The Texas Rangers lineup have five players with at least 20 hr’s and most the team have been in the playoffs together multiple times. Adrian Beltre, the ageless wonder at third base, leads the lineup as he has 32 hr’s and a.300 batting average this season. Rougned Odor, the young stud second basemen, has chipped in 33 hr’s of his own (a rare sign for a middle infielder) and has double digit stolen bases as well. He does not walk much, but if Odor puts wood on the ball, he is going for extra bases. Jonathan Lucroy was picked up at the deadline (after Lucroy spurned the Indians) and has provided consistency at the single position the Rangers had issues with throughout the season. The Rangers lineup is in their peak right now, so they will be exciting to watch as the series progresses.

The Rangers also have the pitching to provide support to the lineup. The two headed monster of Cole Hamels and Yu Darvish provide two aces at the top of the rotation. Darvish has been pitching better of late, so he will probably get the ball Game 1. The third spot in the playoff rotation leaves the rotation a little shaky, but if Hamels and Darvish can pitch on shortened rest, they may only need Martin Perez to pitch a single game for them in the NLDS. The bullpen is solid, with Sam Dyson closing down games with great success lately, only giving up one earned run in the last ten innings. Dyson was inconsistent midseason, but has come around and looked the part of a closer, despite a lower than usual K rate for a closer. Matt Bush may be one of the best free agency pickups as the former top pick has redeemed his life and career in Texas, performing well in the setup role for the Rangers.

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The animosity is strong between the Texas Rangers and the Toronto Blue Jays. Will the hate carry over into the ALCS and hurt the Rangers’ chance at a World Series run? Photo courtesy of Richard Rodriguez of the AP.

The Texas Rangers have the best record in the AL because of just how complete the team is. The lineup and rotation have playoff experience and stability throughout. The bullpen, though inexperienced, has looked good of late. If there is one thing holding the Rangers back, it will be the animosity (The link leads to the brawl from earlier in the season between these two teams) between them and the Blue Jays from previous series hurting the team during the series.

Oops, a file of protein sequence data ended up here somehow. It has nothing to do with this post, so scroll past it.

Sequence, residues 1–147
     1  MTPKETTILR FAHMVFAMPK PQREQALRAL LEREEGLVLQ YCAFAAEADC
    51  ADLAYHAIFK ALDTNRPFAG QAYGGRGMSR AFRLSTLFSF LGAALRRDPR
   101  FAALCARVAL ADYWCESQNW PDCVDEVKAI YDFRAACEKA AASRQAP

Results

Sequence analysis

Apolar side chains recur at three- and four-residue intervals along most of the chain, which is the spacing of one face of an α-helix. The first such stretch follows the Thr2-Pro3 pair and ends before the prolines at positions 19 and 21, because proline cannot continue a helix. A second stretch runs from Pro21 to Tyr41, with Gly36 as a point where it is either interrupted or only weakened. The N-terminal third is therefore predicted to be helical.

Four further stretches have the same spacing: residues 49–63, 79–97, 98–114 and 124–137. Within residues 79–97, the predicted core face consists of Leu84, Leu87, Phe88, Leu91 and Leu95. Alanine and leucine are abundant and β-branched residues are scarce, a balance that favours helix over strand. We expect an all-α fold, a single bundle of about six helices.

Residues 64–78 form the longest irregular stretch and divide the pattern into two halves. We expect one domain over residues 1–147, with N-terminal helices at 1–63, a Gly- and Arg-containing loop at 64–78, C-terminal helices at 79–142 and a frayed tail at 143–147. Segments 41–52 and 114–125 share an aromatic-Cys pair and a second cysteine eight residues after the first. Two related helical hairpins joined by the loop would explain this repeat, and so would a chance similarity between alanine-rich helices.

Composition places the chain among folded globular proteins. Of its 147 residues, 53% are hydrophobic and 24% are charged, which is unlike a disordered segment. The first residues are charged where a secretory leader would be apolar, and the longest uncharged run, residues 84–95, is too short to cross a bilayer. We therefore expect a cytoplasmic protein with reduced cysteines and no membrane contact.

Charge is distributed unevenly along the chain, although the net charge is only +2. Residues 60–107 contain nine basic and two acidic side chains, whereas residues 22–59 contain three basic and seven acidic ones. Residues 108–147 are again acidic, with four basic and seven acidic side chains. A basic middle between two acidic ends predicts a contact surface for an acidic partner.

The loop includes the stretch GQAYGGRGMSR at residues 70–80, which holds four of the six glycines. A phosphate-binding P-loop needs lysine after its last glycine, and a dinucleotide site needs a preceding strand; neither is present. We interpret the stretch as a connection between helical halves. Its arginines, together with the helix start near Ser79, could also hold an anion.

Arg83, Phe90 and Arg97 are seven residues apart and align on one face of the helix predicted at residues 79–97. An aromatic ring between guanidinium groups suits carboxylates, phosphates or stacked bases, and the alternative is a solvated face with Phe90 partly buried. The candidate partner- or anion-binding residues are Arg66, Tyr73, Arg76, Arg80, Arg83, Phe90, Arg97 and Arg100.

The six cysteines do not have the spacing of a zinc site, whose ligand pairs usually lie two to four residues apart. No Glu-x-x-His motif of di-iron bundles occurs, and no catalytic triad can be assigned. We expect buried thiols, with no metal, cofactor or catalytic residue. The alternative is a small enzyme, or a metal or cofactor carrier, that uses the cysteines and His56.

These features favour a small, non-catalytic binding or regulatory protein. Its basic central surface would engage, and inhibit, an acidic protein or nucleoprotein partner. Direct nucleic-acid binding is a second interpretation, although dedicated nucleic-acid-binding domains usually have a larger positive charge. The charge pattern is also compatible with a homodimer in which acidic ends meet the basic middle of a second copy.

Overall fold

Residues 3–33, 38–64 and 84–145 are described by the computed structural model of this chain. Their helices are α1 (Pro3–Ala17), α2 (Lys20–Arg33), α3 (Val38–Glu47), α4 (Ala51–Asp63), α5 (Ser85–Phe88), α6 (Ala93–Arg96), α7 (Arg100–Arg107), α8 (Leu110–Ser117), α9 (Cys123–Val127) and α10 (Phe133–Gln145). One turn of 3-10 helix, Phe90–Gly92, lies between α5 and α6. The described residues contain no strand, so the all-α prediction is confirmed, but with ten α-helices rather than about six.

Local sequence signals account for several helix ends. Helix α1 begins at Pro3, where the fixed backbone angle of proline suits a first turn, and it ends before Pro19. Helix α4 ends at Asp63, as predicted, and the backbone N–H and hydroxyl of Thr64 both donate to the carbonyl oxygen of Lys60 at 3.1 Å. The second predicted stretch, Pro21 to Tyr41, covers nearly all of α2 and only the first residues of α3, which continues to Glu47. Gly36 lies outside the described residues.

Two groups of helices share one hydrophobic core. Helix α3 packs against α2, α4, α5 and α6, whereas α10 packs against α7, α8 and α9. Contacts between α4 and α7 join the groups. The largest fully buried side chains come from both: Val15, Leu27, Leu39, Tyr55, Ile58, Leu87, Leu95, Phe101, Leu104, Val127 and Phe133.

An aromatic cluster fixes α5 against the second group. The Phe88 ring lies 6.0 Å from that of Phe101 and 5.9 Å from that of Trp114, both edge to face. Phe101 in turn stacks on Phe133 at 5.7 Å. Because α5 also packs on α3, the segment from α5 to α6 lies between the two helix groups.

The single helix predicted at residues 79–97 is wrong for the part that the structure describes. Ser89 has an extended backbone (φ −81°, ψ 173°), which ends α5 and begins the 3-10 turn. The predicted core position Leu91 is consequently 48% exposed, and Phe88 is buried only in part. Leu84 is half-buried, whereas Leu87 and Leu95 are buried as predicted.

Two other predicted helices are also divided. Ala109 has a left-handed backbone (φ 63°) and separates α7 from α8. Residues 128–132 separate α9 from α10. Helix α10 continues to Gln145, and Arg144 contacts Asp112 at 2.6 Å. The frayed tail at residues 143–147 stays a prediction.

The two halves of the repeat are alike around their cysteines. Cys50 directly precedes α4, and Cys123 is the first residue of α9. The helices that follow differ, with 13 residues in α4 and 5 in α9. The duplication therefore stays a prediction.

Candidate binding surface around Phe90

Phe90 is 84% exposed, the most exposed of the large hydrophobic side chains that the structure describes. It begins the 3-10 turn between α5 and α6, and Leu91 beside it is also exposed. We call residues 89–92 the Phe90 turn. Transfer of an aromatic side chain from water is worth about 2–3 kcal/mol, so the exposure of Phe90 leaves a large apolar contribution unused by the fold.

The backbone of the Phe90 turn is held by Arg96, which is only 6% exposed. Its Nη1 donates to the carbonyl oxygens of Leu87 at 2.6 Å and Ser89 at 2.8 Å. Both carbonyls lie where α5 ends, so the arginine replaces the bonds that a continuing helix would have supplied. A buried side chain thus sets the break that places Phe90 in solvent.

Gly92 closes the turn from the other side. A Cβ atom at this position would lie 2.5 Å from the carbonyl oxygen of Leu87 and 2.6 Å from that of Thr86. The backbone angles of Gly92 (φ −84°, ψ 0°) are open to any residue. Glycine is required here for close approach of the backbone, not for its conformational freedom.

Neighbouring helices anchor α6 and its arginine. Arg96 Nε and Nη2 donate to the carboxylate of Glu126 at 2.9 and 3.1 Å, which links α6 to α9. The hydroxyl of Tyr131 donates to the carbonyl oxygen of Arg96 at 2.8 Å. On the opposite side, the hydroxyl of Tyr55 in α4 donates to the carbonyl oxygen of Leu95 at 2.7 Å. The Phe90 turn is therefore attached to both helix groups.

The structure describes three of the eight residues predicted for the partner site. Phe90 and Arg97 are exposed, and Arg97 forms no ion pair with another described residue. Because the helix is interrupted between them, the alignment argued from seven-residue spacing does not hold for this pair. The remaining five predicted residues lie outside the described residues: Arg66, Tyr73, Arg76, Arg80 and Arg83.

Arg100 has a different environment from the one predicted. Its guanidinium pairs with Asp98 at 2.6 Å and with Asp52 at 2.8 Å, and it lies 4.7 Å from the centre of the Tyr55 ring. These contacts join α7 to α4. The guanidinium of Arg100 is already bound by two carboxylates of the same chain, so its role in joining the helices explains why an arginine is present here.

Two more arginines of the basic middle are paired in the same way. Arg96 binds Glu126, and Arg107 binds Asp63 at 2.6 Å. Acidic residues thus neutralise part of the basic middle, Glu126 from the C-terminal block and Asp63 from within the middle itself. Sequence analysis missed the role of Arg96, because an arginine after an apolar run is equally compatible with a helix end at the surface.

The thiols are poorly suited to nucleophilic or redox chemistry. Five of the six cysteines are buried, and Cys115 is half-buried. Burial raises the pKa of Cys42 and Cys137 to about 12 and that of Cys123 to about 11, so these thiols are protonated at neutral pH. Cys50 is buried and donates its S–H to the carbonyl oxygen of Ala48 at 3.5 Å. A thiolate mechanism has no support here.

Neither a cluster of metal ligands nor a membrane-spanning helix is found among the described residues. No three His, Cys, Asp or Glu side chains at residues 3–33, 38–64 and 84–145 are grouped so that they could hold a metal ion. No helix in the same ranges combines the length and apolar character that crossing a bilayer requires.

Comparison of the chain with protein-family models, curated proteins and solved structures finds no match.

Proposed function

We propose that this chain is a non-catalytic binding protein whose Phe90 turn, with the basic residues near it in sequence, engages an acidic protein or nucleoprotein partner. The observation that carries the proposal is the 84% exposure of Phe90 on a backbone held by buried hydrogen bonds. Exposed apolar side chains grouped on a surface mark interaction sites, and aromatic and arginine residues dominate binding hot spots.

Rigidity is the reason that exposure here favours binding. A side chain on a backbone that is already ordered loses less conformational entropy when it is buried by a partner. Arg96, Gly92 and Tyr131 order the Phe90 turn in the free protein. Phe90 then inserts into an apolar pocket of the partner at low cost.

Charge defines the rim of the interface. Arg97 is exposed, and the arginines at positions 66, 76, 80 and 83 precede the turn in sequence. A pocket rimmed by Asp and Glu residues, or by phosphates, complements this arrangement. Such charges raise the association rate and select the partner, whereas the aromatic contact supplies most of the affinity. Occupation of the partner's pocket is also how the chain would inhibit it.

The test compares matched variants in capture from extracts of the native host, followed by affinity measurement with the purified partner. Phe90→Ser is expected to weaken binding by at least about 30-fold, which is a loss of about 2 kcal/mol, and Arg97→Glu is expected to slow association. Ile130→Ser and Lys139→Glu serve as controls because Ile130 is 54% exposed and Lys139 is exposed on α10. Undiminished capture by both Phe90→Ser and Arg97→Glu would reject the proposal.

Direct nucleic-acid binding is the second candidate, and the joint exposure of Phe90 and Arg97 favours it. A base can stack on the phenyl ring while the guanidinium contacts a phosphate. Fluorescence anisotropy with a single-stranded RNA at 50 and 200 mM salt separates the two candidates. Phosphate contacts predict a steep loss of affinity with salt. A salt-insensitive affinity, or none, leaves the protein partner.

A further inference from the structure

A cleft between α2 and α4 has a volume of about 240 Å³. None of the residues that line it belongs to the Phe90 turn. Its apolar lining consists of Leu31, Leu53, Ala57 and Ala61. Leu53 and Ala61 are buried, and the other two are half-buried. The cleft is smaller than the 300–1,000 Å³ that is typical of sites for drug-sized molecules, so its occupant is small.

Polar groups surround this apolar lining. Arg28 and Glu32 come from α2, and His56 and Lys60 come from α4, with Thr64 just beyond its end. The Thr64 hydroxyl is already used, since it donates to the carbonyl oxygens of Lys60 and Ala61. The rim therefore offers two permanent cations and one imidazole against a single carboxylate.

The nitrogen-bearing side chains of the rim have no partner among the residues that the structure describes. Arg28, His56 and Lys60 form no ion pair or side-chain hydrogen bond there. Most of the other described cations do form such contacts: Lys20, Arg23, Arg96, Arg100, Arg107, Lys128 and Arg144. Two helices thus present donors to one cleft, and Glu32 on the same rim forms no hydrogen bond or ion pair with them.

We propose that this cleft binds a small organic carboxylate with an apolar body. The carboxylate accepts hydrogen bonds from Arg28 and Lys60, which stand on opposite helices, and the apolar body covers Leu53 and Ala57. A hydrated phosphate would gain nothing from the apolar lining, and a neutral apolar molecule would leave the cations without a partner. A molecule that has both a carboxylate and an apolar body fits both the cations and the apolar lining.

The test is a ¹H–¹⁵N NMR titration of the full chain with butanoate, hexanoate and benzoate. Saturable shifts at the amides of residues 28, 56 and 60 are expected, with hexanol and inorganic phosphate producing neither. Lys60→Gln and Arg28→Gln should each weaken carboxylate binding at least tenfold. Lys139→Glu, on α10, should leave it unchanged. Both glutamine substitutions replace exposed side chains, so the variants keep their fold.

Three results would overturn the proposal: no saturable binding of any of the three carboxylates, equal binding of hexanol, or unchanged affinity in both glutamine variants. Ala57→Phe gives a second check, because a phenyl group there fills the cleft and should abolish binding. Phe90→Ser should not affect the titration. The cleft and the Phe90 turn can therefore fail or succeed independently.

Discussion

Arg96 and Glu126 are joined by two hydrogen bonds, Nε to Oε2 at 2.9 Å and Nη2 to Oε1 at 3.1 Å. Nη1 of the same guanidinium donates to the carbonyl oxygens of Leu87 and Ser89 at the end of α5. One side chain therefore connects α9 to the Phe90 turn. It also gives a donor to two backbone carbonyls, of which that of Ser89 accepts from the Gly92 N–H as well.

Toronto Blue Jays (89-73)

The Blue Jays were a playoff favorite going into the season. It was unexpected that three AL East teams would be battling for the two wild card spots, along with the Detroit Tigers and Houston Astros, but the Blue Jays came out on top of the pile. The Blue Jays knocked off the Baltimore Orioles in a one game playoff on the back of Edwin Encarnacion’s three run walkoff homerun in the bottom of the 11th.

Homeruns are what you are going to see when watching this lineup. The Blue Jays have four players in their lineups who could hit 30 homeruns a season if healthy, three of which who could reach forty homers. Jose Bautista, the batflip champion, has provided playoff homerun heroics in the past, but does not have to shoulder the power alone. Bautista, Josh Donaldson (another potential 2016 MVP), and Edwin Encarnacion give the Jays the best 3-4-5 hitter trio in all of baseball. Troy Tulowitzki, though often in the background behind the big three, is still one of the best hitting shortstops in baseball when healthy, along with very strong defense up the middle. Michael Saunders was an underrated pickup from the Mariners as he has hit 24 hr’s from the outfield and as many doubles as Josh Donaldson (32).

The Toronto Blue Jays defeat the Atlanta Braves 9-3.

Encarnacion has already hit more than 40 homeruns this season. Does he have enough power in the tank to hit a few more for the Jays this postseason? Photo courtesy of Carlos Osorio of the Toronto Star.

The downside of the Jays revolves around the pitching. Aaron Sanchez has pitched phenomenal all season for the Jays and Liriano has been pitching well since coming over from the deadline. The Blue Jays have  actually gotten a couple of strong seasons from journeymen J.A. Happ and Marco Estrada, but there is a reason they are journeymen. Marcus Stroman was supposed to be the ace of the rotation by the end of the season, but remained inconsistent through most of it. If the rotation can make it to the bullpen, though, then the Jays have a good shot. Joaquin Benoit came over at the deadline as well, and has only given up one run since the beginning of August (that is a 24 inning span).

The Blue Jays lineup is definitely the strongest in the AL, as the power potential is truly real. The pitching will be the X-factor for the Jays as the Rangers are the more complete team on paper. In the end, the Rangers are the favorite for a reason, and  will prevail over the Blue Jays.

 

Tracking the Transactions: Rating AL Deadline Trades for Contenders

With the season coming down to its final two weeks, and a little over a month on their respective new teams, I think now is as good a time as any to rate who has produced with their new teams. We’ve seen some guys bring a huge boost to the teams they ended up with, while others have proven to be more of a liability. Here, I’ll give my opinion on who falls where. I’ll give players a rating between one and five based on how they’ve done since the deadline. Teams will be sorted alphabetically.

Baltimore Orioles – Wade Miley: 2